Microsoft, ASUS patent pact means more smartphone bloatware

Microsoft's new mission seems to be to embrace its former enemies, from writing a Linux-based system, to coddling Android users, to catering to Apple fans. Of course, in most cases, it isn't doing so for free. Microsoft may be backing down on some of its patent lawsuits against Android, but in some cases it comes with a price more than just monetary settlement. "Expanding" on a patent licensing accord that the two earlier made, ASUS has agreed to, among other things, pre-install Microsoft's Office apps on its Android devices.

This is hardly an earth-shattering development. Microsoft and Samsung reached a similar arrangement, which has led to the pre-installation of Office apps on Samsung's recent flagships. Actually, it also lead to the forced installation of said apps as part of a software update on smartphones that didn't come with Microsoft Office at launch.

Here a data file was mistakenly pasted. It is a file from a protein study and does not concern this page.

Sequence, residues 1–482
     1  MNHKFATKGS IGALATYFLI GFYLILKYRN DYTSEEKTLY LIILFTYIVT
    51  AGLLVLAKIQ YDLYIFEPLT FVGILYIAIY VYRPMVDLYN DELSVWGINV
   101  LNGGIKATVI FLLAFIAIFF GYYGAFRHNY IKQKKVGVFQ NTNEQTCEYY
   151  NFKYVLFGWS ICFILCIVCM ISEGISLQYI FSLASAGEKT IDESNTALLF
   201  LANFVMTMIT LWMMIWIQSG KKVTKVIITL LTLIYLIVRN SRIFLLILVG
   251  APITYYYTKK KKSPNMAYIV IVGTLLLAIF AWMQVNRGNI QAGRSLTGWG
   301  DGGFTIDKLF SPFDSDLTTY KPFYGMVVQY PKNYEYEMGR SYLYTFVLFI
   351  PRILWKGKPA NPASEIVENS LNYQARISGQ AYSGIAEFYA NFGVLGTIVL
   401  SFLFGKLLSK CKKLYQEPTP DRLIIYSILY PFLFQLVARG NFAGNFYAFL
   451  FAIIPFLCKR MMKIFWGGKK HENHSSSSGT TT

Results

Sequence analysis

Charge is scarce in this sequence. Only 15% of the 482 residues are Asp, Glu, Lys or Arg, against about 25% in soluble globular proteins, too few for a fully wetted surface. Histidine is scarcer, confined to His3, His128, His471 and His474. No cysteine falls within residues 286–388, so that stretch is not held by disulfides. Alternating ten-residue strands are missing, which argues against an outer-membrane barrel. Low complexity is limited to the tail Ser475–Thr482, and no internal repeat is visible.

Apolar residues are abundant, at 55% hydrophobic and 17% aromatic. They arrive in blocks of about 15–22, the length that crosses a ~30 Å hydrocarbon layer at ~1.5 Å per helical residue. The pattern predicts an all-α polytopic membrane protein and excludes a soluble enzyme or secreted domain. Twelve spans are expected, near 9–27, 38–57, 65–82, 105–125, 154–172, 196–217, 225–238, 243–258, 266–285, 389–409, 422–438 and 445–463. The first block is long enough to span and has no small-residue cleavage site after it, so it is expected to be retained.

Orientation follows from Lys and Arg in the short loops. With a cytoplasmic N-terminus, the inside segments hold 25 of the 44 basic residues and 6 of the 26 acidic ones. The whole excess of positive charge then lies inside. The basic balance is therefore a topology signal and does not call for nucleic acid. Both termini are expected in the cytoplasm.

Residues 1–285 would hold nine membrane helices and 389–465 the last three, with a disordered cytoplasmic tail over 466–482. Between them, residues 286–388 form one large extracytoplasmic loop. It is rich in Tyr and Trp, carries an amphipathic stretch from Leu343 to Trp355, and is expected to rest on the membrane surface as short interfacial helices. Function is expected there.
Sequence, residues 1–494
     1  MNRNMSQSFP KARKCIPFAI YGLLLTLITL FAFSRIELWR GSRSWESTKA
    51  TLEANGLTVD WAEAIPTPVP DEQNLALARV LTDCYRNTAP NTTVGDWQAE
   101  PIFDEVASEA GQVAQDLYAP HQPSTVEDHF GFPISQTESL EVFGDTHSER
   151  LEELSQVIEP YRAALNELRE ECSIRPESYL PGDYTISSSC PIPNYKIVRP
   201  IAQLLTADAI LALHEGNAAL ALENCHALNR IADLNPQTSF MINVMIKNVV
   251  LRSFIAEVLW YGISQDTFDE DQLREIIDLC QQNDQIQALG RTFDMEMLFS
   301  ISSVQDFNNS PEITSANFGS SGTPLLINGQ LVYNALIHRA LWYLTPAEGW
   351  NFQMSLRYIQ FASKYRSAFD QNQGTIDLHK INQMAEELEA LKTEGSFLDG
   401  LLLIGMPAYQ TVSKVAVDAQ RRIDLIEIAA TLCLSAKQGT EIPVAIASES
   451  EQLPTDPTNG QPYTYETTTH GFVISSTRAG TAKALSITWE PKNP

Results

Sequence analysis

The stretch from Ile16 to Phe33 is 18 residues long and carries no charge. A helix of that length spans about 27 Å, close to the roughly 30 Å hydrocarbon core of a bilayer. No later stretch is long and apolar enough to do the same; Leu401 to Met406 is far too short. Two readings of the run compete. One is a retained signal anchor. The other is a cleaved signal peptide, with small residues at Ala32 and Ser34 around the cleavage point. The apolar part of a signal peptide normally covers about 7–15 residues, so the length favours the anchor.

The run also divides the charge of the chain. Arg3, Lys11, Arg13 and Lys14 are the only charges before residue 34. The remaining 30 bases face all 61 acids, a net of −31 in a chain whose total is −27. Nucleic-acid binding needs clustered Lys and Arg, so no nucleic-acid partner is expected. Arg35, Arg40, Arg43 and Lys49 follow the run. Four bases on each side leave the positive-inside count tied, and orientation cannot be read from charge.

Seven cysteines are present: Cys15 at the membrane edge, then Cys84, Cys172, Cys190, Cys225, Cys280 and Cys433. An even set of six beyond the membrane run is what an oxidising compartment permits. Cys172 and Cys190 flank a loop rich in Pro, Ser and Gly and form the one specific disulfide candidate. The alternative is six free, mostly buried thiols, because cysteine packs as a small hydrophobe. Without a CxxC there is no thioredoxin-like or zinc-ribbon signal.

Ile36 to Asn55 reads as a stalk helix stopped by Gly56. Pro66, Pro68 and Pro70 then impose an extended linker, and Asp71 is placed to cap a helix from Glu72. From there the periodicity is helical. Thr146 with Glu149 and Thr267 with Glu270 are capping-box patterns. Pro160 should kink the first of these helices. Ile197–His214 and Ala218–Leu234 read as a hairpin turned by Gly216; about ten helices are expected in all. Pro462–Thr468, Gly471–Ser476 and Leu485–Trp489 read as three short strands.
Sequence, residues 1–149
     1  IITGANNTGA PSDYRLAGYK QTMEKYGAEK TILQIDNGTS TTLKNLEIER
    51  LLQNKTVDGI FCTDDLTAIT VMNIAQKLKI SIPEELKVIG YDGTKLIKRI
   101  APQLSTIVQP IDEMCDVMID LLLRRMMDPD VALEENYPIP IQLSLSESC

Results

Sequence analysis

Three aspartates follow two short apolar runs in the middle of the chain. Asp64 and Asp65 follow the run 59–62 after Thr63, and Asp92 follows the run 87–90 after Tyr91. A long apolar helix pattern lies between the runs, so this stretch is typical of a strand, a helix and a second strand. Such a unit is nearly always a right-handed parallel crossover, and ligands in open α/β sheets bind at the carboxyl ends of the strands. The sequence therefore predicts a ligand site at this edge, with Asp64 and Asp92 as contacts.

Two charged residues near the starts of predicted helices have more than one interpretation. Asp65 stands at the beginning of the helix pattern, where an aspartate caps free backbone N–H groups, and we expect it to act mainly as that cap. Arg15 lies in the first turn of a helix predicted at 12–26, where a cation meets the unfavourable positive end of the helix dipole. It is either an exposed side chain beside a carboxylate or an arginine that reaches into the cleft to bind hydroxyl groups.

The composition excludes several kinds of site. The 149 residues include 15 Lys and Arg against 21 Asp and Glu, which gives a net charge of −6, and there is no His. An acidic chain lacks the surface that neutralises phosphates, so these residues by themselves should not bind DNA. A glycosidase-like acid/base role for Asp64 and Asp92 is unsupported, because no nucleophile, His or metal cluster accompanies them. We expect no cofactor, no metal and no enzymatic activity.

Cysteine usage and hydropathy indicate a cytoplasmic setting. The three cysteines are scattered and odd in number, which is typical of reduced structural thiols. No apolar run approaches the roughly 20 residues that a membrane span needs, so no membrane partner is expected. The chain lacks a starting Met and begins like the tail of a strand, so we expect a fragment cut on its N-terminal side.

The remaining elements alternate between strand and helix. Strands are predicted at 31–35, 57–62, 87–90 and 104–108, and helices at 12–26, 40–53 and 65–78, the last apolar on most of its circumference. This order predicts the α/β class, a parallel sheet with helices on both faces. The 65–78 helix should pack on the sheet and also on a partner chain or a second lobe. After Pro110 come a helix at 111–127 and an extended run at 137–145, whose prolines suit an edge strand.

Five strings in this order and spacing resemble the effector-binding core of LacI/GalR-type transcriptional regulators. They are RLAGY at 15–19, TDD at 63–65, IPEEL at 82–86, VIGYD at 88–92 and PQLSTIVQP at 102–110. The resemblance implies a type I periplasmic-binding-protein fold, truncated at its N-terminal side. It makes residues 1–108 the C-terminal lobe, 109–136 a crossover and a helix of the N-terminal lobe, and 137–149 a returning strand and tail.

While getting free Office apps, which sometimes comes with a free one-year Office 365 subscription, isn't entirely a bad thing, on ASUS's smartphones it might be adding insult to injury. Here, it seems that ASUS might be following in Samsung's notoriety. While the ASUS ZenFone 2 definitely surprised us with its outstanding performance, the same can't be said about its bloatware. ASUS' smartphones are riddled with bloatware, most of them coming from the OEM itself. Their usefulness might be debatable, but the core issue is the amount of space these apps take. Microsoft's Office apps individually take more than 100 MB, for example. And as they are pre-installed, users sometimes have very little choice in the matter.

This seems to be Microsoft strategy of late to try to reclaim its Office throne. It has seen its market dwindle thanks to the rise of mobile devices. By making sure that its mobile Office apps are part of the user's first experience on a new device, Microsoft is also ensuring that it will be the go to solution for office productivity on those.